Three Dragon Ante is a game made by Wizards of the Coast for D&D. It’s meant to be a card game that the people play in D&D worlds. It’s a bit like poker with a three card hand, but with tons of other rules and suits thrown in. Each suit has a special effect when you put it into your flight (the hands are called flights because they cards are all dragons). The special effect only activates if your card is weaker than the one your opponent played previously. The person with the highest hand at the end of the round wins the pot. You can see that you have to balance between activating your effects or playing high cards to win the pot.

Three Dragon Ante has a nice flow to it and we played two games of it. After that we went to pick up some pizza and talked about which roleplaying system we’ll be using for my next campaign. I and a few other group member have gotten tired of playing D&D 3.5. We feel we’ve explored everything we can with the system. The new systems I’ve looked at are D&D 4E and Hackmaster. Hackmaster has a lot more appeal within my group so we discussed a few of the benefits of that system.

Our next game was Samurai, an old card game where each player is a samurai in feudal Japan. You attempt to gain honor by faithfully serving a respectable daimyo. The daimyos fight each other and there’s a lot of espionage and backroom deals to gain more power as well. I won that one, but just barely.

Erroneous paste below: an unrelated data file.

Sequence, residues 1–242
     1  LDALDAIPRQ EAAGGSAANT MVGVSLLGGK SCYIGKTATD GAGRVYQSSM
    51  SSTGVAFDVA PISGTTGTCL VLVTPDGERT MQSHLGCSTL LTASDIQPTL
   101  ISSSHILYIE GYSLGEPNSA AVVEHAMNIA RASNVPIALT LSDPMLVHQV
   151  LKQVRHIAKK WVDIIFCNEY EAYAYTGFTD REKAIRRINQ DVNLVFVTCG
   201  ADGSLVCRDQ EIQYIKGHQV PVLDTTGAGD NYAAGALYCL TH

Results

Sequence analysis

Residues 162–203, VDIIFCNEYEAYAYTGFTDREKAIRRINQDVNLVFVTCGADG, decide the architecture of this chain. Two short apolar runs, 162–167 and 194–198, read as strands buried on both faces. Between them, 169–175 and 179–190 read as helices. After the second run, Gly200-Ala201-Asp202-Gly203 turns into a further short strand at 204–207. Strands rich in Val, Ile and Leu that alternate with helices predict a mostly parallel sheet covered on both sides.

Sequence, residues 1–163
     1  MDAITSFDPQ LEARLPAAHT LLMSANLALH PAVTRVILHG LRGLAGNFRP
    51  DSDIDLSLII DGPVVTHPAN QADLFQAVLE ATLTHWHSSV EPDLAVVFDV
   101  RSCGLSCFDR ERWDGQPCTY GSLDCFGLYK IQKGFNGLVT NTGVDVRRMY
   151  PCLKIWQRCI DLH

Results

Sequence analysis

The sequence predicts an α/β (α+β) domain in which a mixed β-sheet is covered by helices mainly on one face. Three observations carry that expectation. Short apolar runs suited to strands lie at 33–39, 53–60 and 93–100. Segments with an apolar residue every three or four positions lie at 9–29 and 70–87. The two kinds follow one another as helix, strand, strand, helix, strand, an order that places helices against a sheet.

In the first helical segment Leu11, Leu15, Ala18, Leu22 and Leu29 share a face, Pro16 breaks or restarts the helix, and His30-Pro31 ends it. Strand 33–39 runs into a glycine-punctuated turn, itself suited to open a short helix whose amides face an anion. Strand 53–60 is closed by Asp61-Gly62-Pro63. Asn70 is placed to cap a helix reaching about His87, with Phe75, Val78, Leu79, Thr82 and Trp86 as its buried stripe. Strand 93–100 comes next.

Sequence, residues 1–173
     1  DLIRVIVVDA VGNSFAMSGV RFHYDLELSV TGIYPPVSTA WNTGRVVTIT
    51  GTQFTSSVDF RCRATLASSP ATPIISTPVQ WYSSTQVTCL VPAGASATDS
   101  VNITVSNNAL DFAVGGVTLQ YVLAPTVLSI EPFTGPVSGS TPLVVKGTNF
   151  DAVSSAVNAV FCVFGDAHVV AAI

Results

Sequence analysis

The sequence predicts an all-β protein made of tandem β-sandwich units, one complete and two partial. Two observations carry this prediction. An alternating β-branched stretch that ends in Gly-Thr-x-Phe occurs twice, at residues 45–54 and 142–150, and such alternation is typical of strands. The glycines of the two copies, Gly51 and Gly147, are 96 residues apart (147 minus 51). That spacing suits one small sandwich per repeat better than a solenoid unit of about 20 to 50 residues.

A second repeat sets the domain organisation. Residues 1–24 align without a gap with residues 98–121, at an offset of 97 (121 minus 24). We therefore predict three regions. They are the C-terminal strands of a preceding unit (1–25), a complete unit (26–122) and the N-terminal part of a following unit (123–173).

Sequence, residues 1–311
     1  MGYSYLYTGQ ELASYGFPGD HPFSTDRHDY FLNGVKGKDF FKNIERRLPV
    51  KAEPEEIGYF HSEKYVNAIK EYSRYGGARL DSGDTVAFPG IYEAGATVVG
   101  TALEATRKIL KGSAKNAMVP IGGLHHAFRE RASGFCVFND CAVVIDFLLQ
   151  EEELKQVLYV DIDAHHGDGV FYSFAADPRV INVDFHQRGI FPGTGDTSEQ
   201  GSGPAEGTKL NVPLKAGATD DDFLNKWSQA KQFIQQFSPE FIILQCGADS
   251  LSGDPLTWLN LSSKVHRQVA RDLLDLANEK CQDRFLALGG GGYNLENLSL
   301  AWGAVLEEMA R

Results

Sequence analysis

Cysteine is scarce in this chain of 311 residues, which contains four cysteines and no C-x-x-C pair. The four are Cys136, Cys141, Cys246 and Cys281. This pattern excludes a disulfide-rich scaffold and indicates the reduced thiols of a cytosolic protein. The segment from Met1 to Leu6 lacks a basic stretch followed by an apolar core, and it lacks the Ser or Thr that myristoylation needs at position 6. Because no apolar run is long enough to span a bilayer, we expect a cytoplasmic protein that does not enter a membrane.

Another of our buddies showed up at that point. We switched to playing a new card game I’d gotten for Christmas, Villainy. Villainy is all about completing your villainous schemes as a super-villain like Lex Luthor. You have to gather a team of loyal henchman, commit nefarious crimes, complete your master plan, and finally defeat Fantastiman, Defender of Good and Justice. I played the nefarious Frog Tamer and attempted to decaffeinate the world’s coffee supply. Unfortunately, Master Asaurus Pain completed his vile scheme to release Fantastiman’s browser history before me, thus winning the game.

We went out for dinner at a Filipino place that served exclusively dishes with meat and eggs. We watched the final quarter of a football game between the Ravens and some other team. After that I had to head out. I dropped my friend off back at his house. On the drive home I listened to part of a Hardcore History on World War 1 that described what the USA was doing prior to entering the war.

And that’s the word on Fake Chinese New Year’s! I have yet to talk about Christmas stuff yet, but I’ll be getting there soon.

-Mister Ed

Gurutama Timeline Thoughts

I’m a bit at a loss for how to make my coming posts on Gurutama’s timeline interesting.

My initial thought is that the Gurutama posts are more for me than for whoever is reading them.

I’m using those posts as creative vehicles for the world my friends made. I’d like there to be more details for us to use and this is a way to force myself to write them.